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The Enbridge Tower is pictured on Jasper Avenue in Edmonton August 4, 2012. (DAN RIEDLHUBER/REUTERS)
The Enbridge Tower is pictured on Jasper Avenue in Edmonton August 4, 2012. (DAN RIEDLHUBER/REUTERS)

Keyera joins Enbridge crude-oil diluter pipeline Add to ...

Enbridge Inc.’s billion-dollar plans for a pipeline to transport a diluting agent needed for oil sands project expansions moved one step closer to completion with confirmation that Keyera Corp. will become a non-operating owner in the conduit to Fort McMurray, Alta.

Diluent is used to thin heavy crude and allow it to flow through pipelines, and an ample supply is required to transport growing bitumen production from northern Alberta to oil markets. The planned Norlite pipeline system will transport 280,000 barrels per day of diluent from Fort Saskatchewan, just northeast of Edmonton, to the Athasbasca oil sands region. Additional pump stations could bring capacity to more than 400,000 barrels a day. Earlier this year, Enbridge chief executive officer Al Monaco said that once Norlite is completed, it will link to its Southern Lights pipeline – which carries diluent from Illinois to Edmonton – and “we will have built a diluent path all the way from Chicago to the heart of the oil sands.”

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Following regulatory and environmental approvals, Enbridge anticipates that construction on Norlite could begin as early as the summer of 2015, with an in-service date in 2017. The system could access existing capacity on Keyera’s pipelines in the Edmonton area, avoiding some construction costs. In recent months, Keyera’s executive team had spoke openly about its intention to participate as a 30-per-cent non-operating owner of the pipeline. On Tuesday, the deal was confirmed.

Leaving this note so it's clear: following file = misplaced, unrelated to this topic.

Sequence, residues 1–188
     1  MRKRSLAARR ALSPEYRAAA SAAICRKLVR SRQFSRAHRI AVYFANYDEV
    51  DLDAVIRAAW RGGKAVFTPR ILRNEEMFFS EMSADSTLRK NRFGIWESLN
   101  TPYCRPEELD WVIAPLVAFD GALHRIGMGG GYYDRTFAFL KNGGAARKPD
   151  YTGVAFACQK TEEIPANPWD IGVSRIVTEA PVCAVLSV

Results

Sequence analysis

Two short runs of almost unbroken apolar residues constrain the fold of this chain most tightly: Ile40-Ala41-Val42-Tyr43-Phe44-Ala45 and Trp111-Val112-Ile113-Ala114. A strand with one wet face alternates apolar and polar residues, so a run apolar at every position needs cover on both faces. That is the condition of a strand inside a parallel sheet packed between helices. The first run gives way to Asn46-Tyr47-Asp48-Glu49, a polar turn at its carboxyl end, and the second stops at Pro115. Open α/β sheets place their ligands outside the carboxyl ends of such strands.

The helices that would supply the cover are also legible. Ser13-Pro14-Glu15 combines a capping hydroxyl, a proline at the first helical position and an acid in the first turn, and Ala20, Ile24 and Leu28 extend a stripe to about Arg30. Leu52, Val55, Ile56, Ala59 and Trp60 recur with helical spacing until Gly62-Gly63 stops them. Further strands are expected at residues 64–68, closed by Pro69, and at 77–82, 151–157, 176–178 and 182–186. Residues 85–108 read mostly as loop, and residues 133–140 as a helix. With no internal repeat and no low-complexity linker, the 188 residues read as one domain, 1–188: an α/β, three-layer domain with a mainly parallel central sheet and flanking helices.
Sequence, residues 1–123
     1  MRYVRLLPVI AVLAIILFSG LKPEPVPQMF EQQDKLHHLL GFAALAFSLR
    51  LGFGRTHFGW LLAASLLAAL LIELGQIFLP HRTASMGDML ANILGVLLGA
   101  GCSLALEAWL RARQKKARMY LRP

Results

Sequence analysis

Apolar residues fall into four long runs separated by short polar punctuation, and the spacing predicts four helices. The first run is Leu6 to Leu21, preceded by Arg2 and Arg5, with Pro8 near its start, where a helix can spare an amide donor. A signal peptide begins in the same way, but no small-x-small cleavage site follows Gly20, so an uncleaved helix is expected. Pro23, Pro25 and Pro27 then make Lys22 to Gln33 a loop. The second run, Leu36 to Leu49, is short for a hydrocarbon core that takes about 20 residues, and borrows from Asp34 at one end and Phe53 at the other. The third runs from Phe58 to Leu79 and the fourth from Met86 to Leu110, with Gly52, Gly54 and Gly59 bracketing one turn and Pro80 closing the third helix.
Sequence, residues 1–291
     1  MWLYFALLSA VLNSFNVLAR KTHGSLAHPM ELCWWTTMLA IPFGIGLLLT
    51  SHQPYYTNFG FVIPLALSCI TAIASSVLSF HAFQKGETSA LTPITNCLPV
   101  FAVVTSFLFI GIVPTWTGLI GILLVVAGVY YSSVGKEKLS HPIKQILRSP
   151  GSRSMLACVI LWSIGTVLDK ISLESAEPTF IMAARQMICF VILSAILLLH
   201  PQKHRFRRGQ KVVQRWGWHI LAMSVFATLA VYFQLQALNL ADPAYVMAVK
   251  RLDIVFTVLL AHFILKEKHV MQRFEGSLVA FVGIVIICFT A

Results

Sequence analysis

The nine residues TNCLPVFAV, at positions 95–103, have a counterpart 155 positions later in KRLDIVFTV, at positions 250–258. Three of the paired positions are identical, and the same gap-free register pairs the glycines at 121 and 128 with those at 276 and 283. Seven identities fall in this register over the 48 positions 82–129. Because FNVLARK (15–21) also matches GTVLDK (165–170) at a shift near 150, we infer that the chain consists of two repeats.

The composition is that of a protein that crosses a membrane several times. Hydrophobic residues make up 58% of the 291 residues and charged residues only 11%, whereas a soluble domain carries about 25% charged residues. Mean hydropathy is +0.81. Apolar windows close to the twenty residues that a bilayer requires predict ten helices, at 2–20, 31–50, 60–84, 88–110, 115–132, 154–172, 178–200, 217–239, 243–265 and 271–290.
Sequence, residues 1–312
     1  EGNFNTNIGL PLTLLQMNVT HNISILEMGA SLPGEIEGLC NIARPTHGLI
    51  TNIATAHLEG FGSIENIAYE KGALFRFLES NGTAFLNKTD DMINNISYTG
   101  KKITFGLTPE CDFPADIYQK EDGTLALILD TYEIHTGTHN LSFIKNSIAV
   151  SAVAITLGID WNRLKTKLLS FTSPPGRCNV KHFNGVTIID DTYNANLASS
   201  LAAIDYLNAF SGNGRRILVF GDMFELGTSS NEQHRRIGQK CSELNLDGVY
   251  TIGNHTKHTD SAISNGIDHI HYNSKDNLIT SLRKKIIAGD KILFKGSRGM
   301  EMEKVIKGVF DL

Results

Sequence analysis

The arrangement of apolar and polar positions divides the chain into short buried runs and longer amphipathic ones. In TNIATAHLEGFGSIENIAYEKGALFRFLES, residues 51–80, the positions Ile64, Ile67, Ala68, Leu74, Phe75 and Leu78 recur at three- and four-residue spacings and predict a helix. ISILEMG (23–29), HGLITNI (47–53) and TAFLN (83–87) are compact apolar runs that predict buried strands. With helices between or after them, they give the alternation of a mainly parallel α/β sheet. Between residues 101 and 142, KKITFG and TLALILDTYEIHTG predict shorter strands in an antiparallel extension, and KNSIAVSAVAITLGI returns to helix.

“The Norlite pipeline enhances Keyera’s integrated service offering, enables us to participate in a long-haul pipeline transportation system and provides us with an opportunity to offer complementary diluent-handling services such as storage and rail off loading,” David Smith, president and chief operating officer of Keyera, said in a news release.

When Enbridge first announced the pipeline last October, it said the associated capital cost could go as high as $1.4-billion, depending on scope, to meet the needs of multiple producers in the oil sands region. On Tuesday, Keyera said Enbridge anticipates finalizing the estimated capital cost later this year.

The pipeline is already anchored by commitments from the Fort Hills project partners: Suncor Energy Inc., Total E&P Canada Ltd. and Teck Resources Ltd.

“We are pleased to have Keyera as an owner in the pipeline and for Norlite to gain access to Keyera’s diluent system,” said Enbridge spokesman Graham White. “The Keyera system connectivity provides extensive access to Edmonton-area diluent sources, which will benefit all Norlite shippers.”

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